In 1987 American Airlines removed one olive from the salad of every first class passenger’s meal. The result? The airlines saved $40,000 that year.
During migration geese can fly up to 16 hours a day at an average speed of 40 mph. They fly in a “V” formation where the bird flies slightly above the bird in front of it. The result? In one study, the slight wind break from the bird in front of the V increases a formations distance by up to 70%.
The point of these fun facts? Small changes can produce big results. I am not talking about little things like making your bed every morning. Legendary basketball coach John Wooden said, “Little things make big things happen.” World-class athletes live by that mantra every day. They know that putting the sweat in behind the scenes can lead to clutch performances in the limelight. They know that you play like you practice.
World-class businesses understand this principle. Why did American Airlines remove the olive? Because $40,000 is a lot of money for a silly olive in my salad. Saving that money in olives meant they could shift it to something useful.
The same is true for all of us. The seemingly mundane choices we make each day determine our path, and that path determines our success or our failure. Want to make a difference in the world? Handle the little things with integrity. Want to make a difference in your relationship? Focus on the little things that make it work.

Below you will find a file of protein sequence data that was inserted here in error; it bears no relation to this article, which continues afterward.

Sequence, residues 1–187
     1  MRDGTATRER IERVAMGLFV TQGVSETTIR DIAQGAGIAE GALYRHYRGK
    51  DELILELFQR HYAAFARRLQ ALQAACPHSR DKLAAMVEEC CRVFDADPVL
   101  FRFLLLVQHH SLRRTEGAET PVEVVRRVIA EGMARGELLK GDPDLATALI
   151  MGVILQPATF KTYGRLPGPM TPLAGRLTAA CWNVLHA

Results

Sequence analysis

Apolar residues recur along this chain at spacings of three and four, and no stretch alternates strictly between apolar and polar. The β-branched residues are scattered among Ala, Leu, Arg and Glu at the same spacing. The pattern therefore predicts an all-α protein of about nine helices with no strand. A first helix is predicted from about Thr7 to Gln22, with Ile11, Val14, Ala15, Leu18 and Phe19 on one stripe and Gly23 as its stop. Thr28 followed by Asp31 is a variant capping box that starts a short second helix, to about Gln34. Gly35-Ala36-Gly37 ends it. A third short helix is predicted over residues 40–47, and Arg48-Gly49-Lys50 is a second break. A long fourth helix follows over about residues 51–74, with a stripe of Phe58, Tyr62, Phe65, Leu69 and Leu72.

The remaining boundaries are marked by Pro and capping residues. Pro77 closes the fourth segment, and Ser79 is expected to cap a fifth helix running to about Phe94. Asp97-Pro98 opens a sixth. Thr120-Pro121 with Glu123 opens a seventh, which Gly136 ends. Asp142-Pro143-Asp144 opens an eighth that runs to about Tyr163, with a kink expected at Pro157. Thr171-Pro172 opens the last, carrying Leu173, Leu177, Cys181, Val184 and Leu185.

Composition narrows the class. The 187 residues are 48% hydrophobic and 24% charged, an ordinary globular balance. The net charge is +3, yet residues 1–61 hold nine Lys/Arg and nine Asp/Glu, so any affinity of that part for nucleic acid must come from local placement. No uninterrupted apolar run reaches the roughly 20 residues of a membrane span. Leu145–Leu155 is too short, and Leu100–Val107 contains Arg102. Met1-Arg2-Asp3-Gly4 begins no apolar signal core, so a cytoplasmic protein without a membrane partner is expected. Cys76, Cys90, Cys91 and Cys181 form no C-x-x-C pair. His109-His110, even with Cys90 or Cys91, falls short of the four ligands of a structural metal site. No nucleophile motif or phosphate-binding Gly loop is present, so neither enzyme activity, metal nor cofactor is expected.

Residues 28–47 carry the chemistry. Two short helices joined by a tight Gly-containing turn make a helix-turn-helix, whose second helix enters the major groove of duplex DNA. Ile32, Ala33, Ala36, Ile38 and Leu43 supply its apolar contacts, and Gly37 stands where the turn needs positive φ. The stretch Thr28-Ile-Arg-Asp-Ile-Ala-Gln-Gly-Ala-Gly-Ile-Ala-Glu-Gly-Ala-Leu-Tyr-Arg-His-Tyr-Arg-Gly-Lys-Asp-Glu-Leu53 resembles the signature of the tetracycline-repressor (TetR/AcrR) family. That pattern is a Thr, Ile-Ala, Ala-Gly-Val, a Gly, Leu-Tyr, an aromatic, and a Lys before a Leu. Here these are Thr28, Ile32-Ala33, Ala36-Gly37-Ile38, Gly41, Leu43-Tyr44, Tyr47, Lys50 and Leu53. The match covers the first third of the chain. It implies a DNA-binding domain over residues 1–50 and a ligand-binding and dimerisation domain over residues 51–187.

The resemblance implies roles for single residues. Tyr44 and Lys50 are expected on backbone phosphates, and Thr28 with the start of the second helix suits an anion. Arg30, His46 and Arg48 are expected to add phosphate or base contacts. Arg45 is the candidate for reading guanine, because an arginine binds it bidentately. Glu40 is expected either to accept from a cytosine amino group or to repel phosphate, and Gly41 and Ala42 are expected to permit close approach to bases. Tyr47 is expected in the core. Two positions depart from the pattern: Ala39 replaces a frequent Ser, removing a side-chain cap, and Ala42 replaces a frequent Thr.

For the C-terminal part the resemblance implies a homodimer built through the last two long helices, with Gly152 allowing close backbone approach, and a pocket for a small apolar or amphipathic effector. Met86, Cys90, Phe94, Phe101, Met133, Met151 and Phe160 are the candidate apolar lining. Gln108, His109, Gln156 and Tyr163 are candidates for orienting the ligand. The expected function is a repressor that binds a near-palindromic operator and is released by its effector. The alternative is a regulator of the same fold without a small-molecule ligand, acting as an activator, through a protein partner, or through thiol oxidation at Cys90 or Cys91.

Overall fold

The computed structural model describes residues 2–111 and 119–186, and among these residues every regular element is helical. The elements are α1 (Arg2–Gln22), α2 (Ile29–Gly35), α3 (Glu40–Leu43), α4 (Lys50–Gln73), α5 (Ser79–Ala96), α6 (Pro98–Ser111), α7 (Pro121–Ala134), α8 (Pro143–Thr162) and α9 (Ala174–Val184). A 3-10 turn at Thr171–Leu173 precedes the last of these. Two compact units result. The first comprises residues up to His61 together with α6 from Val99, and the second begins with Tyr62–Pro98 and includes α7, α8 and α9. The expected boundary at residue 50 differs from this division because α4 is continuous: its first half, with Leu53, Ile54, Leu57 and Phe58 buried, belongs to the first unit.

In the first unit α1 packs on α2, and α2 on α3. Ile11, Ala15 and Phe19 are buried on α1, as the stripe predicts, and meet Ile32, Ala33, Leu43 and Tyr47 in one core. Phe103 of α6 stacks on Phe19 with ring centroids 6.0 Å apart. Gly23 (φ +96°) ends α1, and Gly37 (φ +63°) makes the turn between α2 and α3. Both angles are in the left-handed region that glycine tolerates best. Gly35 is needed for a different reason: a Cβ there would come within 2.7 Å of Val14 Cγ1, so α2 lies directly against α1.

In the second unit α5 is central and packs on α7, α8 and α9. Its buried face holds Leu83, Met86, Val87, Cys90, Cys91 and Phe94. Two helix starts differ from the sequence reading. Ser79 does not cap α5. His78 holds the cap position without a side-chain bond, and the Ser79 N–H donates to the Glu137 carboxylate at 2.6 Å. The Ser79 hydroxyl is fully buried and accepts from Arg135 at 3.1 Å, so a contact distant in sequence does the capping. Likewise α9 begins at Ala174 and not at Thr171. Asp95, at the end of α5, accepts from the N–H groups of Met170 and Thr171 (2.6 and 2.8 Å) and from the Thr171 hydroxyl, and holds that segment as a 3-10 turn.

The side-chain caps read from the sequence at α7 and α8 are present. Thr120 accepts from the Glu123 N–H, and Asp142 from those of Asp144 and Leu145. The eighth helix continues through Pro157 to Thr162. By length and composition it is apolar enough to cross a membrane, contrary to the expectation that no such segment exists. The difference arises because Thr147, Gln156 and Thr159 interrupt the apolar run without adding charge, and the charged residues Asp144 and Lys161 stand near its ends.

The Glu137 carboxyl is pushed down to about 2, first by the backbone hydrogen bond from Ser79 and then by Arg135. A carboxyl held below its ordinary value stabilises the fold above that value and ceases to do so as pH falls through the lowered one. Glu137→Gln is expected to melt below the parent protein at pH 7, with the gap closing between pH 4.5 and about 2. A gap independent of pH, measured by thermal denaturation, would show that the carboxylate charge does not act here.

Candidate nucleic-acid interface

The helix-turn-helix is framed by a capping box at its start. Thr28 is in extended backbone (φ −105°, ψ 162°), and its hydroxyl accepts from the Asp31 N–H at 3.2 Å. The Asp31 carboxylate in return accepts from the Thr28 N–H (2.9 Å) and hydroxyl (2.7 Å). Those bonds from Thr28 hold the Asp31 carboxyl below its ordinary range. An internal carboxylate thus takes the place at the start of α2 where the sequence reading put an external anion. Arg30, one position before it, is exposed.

If that last part sounds familiar, it’s probably because Jesus said the same thing more than 2,000 years ago. In Luke 16:10, after telling His disciples a parable about a shrewd business manager, Jesus said, “whoever can be trusted with very little can also be trusted with much.” Of course the opposite is also true: If you can’t trust someone with the little things, you’ll never trust them with anything bigger.
Your character really isn’t formed by the big events in your life. Instead, who you are is ultimately determined by the smaller choices you make each day. When you choose to do what’s right every chance you get, you’re more likely to stick to your principles when the pressure’s really on. On the flip side, if you let the small things slide, you’ll follow the path of least resistance - even if that means compromising your core values.
Of course, the little things can be easy to miss. After all, they’re little. And in a fast-paced, chaotic culture, shiny fast-moving squirrels often distract us from the details that really count. You’ve got to be intentional when you look for the little things. It’s a lot of work, but it’s worth the extra effort.